It is important to point out that this is all we were told; we were not shown the company’s website and did not even know the name of the company until we arrived at Jepara harbour and paid in full. At the time, however, this seemed like a good deal and we happily paid a deposit. We arrived at Jepara harbour in plenty of time, met the people from the tour company and paid the remainder of the money. The dock area was already busy. We were given economy class tickets for the ferry, KMP Muria, and an information sheet about the trip. To my horror this sheet contained a detailed schedule from morning until night every day, whizzing participants to lots of different places with only one to two hours at each one, with breakfast at 6am every morning. This was not what we had paid for. Nobody had told us there was a timetable, let alone one like this. We wanted to relax on our short holiday, to spend time lying on the beach, swimming in the sea and soaking up the atmosphere, to sleep in as late as we wanted and not to be controlled by someone else’s schedule.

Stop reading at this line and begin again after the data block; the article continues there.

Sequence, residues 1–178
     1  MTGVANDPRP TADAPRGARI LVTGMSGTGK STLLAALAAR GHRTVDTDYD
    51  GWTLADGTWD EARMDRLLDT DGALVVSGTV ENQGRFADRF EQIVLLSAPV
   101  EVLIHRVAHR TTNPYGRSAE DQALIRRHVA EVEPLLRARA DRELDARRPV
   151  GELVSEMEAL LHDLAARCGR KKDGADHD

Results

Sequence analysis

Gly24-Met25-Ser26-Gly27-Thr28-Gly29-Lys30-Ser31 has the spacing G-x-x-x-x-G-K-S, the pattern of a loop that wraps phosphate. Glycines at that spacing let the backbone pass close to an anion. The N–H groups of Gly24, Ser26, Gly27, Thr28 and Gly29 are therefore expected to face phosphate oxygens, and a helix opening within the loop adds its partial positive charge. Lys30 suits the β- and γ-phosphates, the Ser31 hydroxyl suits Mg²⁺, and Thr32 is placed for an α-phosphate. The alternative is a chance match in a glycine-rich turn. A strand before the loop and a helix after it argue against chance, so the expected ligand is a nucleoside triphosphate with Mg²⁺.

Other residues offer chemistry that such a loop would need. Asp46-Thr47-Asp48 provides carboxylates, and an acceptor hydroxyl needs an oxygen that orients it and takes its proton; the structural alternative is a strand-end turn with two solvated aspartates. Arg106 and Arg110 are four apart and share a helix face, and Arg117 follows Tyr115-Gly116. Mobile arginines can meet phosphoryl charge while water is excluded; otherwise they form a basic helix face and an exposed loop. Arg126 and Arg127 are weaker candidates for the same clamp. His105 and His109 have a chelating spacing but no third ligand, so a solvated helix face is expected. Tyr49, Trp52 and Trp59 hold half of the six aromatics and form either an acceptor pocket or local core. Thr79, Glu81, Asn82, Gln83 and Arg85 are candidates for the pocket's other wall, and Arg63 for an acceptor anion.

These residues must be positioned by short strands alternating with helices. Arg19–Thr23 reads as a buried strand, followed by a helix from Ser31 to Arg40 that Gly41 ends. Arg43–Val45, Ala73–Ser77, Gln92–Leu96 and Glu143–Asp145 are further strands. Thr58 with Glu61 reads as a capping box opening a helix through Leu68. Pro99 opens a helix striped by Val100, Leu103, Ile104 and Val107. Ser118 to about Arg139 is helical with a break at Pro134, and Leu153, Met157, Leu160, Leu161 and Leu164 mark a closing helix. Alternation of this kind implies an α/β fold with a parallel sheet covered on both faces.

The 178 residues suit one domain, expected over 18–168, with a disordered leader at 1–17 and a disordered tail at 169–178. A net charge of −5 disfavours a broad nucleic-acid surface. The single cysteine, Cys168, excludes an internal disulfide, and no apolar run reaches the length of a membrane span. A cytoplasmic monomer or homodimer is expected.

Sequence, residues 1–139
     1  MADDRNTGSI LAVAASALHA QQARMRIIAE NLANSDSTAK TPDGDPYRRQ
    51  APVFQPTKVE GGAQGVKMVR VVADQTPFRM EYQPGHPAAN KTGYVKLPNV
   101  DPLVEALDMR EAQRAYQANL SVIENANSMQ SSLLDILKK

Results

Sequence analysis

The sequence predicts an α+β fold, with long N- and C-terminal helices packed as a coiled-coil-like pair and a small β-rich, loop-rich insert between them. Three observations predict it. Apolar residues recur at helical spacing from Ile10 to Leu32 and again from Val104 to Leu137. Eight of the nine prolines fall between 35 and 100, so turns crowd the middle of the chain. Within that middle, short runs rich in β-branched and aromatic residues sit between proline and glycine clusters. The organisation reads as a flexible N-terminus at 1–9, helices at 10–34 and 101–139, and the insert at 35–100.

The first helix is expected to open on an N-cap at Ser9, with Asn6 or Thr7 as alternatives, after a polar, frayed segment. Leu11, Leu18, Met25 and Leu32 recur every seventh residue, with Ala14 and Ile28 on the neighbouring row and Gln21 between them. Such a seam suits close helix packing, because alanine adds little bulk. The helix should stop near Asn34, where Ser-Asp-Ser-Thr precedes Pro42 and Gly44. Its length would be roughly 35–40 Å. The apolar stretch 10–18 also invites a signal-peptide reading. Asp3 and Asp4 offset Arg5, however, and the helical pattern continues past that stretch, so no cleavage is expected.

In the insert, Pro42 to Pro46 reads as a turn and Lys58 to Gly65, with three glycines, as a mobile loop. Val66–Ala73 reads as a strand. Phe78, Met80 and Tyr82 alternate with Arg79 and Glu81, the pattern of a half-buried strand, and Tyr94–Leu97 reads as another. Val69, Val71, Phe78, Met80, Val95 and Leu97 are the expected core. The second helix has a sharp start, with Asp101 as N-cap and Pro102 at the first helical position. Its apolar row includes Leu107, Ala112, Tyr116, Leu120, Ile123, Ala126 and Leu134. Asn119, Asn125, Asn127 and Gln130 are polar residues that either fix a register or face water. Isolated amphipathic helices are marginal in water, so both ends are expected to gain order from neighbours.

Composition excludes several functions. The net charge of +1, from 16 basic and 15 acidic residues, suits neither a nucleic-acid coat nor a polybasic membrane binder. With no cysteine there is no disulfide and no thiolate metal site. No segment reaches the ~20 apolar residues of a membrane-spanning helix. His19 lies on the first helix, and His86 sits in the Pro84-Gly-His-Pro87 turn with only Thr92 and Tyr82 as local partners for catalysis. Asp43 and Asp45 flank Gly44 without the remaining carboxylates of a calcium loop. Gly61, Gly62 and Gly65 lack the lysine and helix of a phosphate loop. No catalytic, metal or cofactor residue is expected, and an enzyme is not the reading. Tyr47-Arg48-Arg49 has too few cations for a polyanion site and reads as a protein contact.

We boarded the ship, which was already getting crowded. Horror moment number two: we didn’t actually have the right to a seat with our tickets. All the seats were full. We walked past the door to the air conditioned VIP section and I regretted not getting a VIP ticket. We went upstairs onto the outside upper deck where people were sitting cross-legged on the dirty floor in small groups. The sun beat down upon us. We found a small piece of floor on the right hand side of the deck and sat down. Apparently conditions are always like this on KMP Muria. People rigged up sarongs and pieces of tarpaulin to provide shade during the six hour journey. I sat there sheltering under a sarong, hoping that the journey would go smoothly; on a ship this full there would be little chance of survival if anything went wrong. I suddenly understood why reports of ships sinking are not infrequent here in Indonesia. A man near me threw up into a plastic bag. Then his son threw up on the floor. They sat in the pool of vomit for the rest of the journey.